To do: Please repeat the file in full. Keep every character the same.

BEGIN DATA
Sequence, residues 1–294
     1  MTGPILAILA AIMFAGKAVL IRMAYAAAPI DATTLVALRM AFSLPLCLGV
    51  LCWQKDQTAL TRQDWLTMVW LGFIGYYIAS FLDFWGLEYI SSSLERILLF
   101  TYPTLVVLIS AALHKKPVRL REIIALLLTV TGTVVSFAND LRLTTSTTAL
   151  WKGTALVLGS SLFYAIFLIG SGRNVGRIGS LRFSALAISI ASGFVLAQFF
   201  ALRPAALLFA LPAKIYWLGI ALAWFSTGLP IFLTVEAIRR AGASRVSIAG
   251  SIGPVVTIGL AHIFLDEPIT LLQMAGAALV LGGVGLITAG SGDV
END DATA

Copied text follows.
Sequence, residues 1–294
     1  MTGPILAILA AIMFAGKAVL IRMAYAAAPI DATTLVALRM AFSLPLCLGV
    51  LCWQKDQTAL TRQDWLTMVW LGFIGYYIAS FLDFWGLEYI SSSLERILLF
   101  TYPTLVVLIS AALHKKPVRL REIIALLLTV TGTVVSFAND LRLTTSTTAL
   151  WKGTALVLGS SLFYAIFLIG SGRNVGRIGS LRFSALAISI ASGFVLAQFF
   201  ALRPAALLFA LPAKIYWLGI ALAWFSTGLP IFLTVEAIRR AGASRVSIAG
   251  SIGPVVTIGL AHIFLDEPIT LLQMAGAALV LGGVGLITAG SGDV